OBJECTIVE: There is a lack of information about patients' attitudes towards and knowledge of resuscitation and advance care planning (ACP) in the palliative care unit (PCU). The aims of this study were to examine (a) patients' attitudes towards and knowledge of the topic of resuscitation, (b) patients' level of education about their illness and (c) their concept of ACP.
METHODS: This study used a qualitative methodology that involved semi-structured interviews with advanced cancer patients admitted to the PCU. Interviews were conducted during the first week after admission, recorded digitally and transcribed verbatim. Data were analysed through content analysis using NVivo 12.
RESULTS: Eighteen interviews revealed the following themes: (a) ambivalence regarding preference for or refusal of resuscitation, (b) patient confidence concerning their level of education, (c) lack of information about ACP and (d) positive perception of the stay in the PCU. The data showed that a high percentage of PCU patients desired resuscitation even though education about their illness was mostly perceived as good. Many patients did not receive information about ACP. Patients perceived the stay in the PCU positively.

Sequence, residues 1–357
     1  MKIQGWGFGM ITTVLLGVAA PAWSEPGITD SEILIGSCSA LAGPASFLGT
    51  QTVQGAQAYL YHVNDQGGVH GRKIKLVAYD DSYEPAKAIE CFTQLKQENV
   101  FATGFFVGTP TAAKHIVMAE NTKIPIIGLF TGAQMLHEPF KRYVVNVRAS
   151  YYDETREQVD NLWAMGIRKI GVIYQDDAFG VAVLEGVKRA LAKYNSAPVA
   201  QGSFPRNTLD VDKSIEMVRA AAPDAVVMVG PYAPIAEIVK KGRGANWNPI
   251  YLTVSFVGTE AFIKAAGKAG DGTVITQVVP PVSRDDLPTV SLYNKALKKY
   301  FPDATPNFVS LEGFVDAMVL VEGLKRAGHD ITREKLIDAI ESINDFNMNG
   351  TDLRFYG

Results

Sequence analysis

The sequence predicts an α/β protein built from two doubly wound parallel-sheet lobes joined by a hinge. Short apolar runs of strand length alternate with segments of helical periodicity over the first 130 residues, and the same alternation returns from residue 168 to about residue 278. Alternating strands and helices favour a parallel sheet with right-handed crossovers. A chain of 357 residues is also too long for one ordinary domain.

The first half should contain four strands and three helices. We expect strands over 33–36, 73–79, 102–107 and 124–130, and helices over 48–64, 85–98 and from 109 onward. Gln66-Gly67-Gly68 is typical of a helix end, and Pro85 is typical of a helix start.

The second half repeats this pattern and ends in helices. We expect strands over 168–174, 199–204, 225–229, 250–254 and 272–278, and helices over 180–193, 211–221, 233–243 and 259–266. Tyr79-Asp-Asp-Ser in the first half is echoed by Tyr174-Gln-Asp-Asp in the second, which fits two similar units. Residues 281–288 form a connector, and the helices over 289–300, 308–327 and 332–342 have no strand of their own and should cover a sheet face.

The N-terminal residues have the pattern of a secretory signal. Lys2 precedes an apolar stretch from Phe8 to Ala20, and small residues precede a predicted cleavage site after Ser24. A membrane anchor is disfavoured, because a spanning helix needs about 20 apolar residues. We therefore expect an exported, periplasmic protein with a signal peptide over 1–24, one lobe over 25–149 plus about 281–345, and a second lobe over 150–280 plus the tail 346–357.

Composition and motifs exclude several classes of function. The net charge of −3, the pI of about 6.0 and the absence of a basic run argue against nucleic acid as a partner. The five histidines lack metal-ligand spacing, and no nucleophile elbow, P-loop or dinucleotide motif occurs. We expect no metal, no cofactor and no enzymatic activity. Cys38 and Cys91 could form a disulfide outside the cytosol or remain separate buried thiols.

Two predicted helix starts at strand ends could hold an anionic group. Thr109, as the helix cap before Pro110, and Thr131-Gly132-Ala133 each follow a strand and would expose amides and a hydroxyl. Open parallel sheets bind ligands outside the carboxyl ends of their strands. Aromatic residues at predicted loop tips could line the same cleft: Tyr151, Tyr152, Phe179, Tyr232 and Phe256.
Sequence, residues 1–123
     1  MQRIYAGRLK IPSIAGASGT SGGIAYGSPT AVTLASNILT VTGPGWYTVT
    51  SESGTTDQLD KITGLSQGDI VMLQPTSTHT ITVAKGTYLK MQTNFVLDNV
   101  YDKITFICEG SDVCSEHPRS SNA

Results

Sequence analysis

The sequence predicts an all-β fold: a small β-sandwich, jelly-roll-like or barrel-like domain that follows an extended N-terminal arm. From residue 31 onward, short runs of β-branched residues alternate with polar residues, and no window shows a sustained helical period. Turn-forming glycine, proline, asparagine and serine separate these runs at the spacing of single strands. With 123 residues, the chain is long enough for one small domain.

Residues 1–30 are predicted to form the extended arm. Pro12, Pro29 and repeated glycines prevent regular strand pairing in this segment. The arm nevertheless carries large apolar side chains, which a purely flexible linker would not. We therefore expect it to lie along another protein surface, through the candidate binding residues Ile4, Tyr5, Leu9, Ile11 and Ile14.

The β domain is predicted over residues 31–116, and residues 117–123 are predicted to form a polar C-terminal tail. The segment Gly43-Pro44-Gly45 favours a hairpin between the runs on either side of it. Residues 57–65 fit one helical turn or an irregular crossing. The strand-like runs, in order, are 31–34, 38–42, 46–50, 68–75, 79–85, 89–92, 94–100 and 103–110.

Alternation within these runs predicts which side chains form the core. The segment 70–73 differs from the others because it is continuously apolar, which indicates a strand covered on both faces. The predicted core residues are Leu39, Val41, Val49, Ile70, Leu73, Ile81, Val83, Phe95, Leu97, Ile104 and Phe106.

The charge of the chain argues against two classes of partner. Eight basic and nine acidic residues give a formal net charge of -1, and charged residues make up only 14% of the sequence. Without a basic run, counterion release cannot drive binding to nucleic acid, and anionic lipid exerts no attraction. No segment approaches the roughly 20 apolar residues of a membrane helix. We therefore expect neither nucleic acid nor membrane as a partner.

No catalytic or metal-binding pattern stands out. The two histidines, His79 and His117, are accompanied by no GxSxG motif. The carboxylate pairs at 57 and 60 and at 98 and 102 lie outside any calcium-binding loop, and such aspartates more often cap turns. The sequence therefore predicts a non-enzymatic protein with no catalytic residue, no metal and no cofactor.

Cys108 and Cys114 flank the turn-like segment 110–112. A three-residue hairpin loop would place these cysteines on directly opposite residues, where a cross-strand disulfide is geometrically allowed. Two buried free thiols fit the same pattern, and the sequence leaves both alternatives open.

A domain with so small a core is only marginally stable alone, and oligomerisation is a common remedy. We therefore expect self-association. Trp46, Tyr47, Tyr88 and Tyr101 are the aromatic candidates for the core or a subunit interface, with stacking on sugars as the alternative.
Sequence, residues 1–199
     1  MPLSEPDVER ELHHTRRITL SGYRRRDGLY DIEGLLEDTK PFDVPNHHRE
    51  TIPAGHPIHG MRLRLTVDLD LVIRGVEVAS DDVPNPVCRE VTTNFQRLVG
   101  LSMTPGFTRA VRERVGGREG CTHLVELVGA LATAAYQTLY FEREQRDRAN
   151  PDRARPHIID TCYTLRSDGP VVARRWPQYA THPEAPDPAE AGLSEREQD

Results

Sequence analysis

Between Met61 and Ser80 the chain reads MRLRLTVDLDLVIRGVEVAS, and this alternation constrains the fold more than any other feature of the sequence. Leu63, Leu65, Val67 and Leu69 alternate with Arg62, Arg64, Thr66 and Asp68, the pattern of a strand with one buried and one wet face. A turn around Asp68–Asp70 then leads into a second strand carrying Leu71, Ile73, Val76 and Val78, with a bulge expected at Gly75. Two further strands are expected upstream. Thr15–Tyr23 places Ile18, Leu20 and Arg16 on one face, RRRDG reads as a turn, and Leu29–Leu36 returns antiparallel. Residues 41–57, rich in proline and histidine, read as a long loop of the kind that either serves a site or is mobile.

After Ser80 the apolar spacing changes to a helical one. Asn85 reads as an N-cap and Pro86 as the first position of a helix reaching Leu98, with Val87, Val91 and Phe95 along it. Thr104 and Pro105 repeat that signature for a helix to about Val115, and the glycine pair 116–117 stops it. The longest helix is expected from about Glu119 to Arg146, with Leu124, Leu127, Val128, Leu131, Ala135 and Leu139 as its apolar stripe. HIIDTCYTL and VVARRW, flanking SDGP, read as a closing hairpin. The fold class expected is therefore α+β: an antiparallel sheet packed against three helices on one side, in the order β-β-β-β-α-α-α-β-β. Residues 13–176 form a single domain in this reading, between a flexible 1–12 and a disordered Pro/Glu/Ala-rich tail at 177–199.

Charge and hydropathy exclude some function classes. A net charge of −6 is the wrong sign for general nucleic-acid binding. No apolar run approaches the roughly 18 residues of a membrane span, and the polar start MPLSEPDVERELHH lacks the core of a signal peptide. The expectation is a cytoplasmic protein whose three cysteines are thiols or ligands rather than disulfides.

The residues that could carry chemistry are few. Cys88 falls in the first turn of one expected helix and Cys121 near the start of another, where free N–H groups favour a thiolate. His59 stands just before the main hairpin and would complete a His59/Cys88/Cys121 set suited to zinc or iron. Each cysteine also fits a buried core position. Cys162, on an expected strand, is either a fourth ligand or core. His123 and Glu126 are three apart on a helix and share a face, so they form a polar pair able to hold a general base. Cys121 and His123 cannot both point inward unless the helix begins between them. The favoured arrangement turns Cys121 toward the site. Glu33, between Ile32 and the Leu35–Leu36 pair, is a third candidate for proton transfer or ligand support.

CONCLUSION: The study results reveal that there is lack of knowledge about ACP and resuscitation in patients in the PCU.
BACKGROUND: This pilot study examined which of a patient's personal aspects should be taken into account in a hospital setting on admission to the palliative care unit (PCU) by asking patients the question "what should I know about you as a person to help me take the best care of you that I can?"
METHODS: This retrospective study used qualitative methodology to thematically analyze answers from 14 patients admitted to the PCU of the Medical University of Vienna during July and August 2018. The question "what should I know about you as a person to help me take the best care of you that I can?" was asked on the day of admission, notes were taken during the interview and the patient's answers were written out immediately afterwards. Data were analyzed using NVivo 12.
RESULTS: Results revealed four topics: characterization of one's personality, important activities, social bonding, and present and future concerns regarding the patient's illness. Data showed that this question enabled patients to describe themselves and what was important to them. This might result in an improved sense of self-esteem in patients and represents an opportunity for professionals to treat patients in a more individualized manner; however, patient reactions also revealed a reluctance to address certain personal issues within a medical context.